12 June 13 ~ 26, 2018 

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residentStars ‘n Stripes

Bank moving? Join the bank that’s been a pillar of the community for over 160 years.

While other banks are closing branches, we’re evolving our branch experience to better meet the needs of our customers by: • • • • • •

increasing branch hours offering more products and services giving more through Foundation grants and Bank sponsorships increasing our volunteerism efforts offering free community education classes expanding our commitment to the community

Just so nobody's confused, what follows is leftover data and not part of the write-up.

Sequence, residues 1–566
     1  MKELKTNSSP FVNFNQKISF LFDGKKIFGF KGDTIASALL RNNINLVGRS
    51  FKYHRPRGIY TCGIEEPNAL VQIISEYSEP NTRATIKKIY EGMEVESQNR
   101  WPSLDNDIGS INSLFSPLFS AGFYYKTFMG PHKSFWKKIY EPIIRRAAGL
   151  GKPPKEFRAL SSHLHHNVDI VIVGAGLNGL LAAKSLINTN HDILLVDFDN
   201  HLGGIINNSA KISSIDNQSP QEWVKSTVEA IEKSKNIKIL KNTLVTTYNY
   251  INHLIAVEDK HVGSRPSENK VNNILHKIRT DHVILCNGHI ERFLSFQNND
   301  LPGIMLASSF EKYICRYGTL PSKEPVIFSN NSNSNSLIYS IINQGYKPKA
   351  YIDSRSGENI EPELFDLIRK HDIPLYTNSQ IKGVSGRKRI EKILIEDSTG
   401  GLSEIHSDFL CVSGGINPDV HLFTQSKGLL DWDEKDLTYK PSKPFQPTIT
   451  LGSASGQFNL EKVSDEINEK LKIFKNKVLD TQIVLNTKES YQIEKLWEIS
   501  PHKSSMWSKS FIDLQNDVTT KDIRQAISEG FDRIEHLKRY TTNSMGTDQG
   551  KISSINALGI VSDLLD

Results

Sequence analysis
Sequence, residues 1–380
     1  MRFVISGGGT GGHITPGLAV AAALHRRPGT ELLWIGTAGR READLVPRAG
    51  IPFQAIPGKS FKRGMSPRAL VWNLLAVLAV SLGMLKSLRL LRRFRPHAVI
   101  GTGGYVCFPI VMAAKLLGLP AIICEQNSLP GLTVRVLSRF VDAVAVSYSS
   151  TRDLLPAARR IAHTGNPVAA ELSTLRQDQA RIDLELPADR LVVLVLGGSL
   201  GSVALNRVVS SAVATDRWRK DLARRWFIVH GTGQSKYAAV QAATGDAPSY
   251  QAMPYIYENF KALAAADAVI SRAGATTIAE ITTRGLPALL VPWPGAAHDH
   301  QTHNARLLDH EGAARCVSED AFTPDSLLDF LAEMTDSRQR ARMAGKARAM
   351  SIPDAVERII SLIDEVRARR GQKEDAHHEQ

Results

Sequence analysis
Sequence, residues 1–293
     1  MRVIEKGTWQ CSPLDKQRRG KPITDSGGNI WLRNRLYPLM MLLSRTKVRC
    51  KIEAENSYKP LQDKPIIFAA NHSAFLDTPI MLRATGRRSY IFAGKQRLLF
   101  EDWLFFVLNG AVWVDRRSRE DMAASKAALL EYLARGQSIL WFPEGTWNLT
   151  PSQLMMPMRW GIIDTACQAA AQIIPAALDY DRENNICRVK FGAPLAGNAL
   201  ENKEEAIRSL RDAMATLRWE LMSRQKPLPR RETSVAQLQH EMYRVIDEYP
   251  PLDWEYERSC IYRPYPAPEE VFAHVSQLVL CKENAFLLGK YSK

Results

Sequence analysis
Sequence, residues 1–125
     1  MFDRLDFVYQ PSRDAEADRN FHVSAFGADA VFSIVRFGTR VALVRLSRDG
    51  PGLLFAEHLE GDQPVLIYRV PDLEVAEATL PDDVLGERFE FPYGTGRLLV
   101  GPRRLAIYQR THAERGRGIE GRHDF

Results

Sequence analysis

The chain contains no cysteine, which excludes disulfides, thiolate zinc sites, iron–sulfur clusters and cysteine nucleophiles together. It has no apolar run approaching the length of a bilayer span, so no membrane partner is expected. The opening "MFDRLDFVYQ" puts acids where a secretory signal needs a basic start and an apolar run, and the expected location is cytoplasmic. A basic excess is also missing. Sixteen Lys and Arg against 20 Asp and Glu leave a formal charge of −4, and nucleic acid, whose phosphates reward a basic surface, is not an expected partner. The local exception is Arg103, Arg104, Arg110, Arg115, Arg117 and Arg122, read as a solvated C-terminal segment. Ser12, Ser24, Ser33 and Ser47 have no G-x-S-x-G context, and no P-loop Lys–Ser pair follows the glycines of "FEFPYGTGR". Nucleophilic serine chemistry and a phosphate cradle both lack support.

Call 860-448-4200, visit or stop by one of our nearby branches to learn more.

Submariner’s “Dolphins” Return to Sea